Northwell Health coronavirus testing center at Greater Springfield Community Church.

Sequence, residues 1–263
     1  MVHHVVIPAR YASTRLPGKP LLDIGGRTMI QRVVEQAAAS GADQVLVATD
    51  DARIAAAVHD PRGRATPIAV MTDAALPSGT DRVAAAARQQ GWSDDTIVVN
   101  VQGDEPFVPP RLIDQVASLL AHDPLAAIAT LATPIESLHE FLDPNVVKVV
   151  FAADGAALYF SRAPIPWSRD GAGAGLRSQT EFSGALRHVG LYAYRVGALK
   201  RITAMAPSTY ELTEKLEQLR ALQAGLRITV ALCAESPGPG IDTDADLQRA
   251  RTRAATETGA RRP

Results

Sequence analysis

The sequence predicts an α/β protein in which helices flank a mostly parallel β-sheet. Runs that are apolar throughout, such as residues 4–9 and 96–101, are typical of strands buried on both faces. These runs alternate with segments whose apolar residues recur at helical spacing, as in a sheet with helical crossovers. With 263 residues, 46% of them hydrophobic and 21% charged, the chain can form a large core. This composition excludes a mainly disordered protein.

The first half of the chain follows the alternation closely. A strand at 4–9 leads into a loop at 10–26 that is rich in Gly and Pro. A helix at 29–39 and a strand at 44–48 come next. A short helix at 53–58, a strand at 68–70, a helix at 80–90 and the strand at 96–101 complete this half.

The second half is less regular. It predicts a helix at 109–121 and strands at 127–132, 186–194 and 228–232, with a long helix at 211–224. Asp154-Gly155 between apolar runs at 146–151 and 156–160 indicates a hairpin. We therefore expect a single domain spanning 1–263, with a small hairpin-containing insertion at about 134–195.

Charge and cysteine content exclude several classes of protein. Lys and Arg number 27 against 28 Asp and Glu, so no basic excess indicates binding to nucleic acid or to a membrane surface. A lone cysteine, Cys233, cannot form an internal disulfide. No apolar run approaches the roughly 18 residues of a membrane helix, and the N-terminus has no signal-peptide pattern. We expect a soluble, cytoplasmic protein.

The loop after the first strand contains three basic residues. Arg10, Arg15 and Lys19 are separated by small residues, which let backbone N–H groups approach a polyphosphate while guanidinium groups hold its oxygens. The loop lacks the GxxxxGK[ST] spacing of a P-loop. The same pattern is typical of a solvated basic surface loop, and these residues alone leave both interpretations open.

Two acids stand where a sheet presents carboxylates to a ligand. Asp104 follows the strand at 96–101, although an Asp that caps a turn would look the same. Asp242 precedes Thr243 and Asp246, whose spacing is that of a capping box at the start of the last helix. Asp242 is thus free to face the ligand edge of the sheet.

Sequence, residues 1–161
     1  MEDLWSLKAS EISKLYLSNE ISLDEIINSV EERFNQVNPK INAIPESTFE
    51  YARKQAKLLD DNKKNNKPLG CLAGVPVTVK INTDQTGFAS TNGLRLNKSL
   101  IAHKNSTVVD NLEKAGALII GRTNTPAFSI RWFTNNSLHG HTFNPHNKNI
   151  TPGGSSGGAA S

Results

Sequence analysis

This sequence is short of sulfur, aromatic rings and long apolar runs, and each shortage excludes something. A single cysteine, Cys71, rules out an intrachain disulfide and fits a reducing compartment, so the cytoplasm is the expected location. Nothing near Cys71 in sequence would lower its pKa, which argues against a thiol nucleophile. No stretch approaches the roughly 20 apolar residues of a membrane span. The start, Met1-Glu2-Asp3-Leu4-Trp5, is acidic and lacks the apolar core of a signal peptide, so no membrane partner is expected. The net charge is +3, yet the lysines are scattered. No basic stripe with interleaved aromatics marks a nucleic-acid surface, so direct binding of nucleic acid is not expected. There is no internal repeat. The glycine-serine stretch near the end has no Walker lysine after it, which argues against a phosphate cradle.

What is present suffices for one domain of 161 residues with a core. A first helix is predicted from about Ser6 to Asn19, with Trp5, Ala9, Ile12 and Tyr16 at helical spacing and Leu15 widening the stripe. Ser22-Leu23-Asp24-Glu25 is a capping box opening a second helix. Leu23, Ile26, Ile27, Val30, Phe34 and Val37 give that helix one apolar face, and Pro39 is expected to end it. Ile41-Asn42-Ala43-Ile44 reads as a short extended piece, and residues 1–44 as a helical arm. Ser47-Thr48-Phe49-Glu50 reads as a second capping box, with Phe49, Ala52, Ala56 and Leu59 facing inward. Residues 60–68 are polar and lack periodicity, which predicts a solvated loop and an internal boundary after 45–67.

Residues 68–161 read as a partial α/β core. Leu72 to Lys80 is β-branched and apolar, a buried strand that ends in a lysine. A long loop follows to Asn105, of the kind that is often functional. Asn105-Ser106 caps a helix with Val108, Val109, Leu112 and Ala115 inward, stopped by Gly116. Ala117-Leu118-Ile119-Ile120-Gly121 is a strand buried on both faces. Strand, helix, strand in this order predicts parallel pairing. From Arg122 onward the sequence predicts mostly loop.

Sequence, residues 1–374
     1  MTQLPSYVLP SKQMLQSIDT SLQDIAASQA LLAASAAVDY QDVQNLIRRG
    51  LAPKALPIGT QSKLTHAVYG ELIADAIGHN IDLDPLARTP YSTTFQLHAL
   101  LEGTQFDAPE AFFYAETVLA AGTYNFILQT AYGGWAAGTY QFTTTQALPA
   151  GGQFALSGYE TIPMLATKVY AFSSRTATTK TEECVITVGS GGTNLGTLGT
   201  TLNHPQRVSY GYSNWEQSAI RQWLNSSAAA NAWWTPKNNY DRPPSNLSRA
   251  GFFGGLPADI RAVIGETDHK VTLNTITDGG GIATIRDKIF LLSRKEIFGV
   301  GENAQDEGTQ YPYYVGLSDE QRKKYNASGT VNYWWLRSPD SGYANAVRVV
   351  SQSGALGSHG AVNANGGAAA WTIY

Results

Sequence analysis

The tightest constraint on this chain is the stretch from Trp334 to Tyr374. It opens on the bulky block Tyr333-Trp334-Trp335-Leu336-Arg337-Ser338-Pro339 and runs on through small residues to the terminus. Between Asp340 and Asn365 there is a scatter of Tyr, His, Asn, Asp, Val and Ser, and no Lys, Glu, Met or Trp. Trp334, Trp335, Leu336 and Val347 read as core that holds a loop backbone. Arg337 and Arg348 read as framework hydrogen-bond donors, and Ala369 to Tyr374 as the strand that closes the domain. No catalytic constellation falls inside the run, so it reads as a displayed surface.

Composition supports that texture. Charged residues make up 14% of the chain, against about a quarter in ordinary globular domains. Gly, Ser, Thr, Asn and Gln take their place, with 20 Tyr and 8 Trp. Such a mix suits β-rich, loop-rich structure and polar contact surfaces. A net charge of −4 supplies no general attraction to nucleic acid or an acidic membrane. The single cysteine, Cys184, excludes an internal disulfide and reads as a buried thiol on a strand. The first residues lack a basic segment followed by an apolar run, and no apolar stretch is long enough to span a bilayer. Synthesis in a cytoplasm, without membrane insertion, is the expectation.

Credit: Northwell Health<p>Novel coronavirus may spread and infect indiscriminately, but pre-existing conditions, environmental stressors, and a lack of access to care and resources increase the risk of infection. These social determinants make the pandemic more dangerous, and erode communities' and families' abilities to heal from health crises that pre-date the pandemic.</p><p>How do we eliminate these divides? Dr. Salas-Lopez says the first step is recognition. "We have to open our eyes to see the suffering around us," she said. "Northwell has not shied away from that."</p><p>"We are steadfast in improving health outcomes for our vulnerable and underrepresented communities that have suffered because of the prevalence of chronic disease, a problem that led to the disproportionately higher death rate among African-Americans and Latinos during the COVID-19 pandemic," said Michael Dowling, Northwell's president and CEO. "We are committed to using every tool at our disposal—as a provider of health care, employer, purchaser and investor—to combat disparities and ensure the <a href="https://www.northwell.edu/education-and-resources/community-engagement/center-for-equity-of-care" target="_blank" rel="noopener noreferrer">equity of care</a> that everyone deserves." </p><p>With the need recognized, Dr. Salas-Lopez calls for health care systems to travel upstream and be proactive in those hard-hit communities. This requires health care systems to play a strong role, but not a unilateral one. They must build <a href="https://www.northwell.edu/news/insights/faith-based-leaders-are-the-key-to-improving-community-health" target="_blank" rel="noopener noreferrer">partnerships with leaders in those communities</a> and utilize those to ensure relationships last beyond the current crisis. </p><p>"We must meet with community leaders and talk to them to get their perspective on what they believe the community needs are and should be for the future. Together, we can co-create a plan to measurably improve [community] health and also to be ready for whatever comes next," she said.</p><p>Northwell has built relationships with local faith-based and community organizations in underserved communities of color. Those partnerships enabled Northwell to test more than 65,000 people across the metro New York region. The health system also offered education on coronavirus and precautions to curb its spread.</p><p>These initiatives began the process of building trust—trust that Northwell has counted on to return to these communities to administer flu vaccines to prepare for what experts fear may be a difficult flu season.</p><p>While Northwell has begun building bridges across the divides of the New York area, much will still need to be done to cure U.S. health care overall. There is hope that the COVID pandemic will awaken us to the deep disparities in the US.</p><p>"COVID has changed our world. We have to seize this opportunity, this pandemic, this crisis to do better," Dr. Salas-Lopez said. "Provide better care. Provide better health. Be better partners. Be better community citizens. And treat each other with respect and dignity.</p><p>"We need to find ways to unify this country because we're all human beings. We're all created equal, and we believe that health is one of those important rights."</p>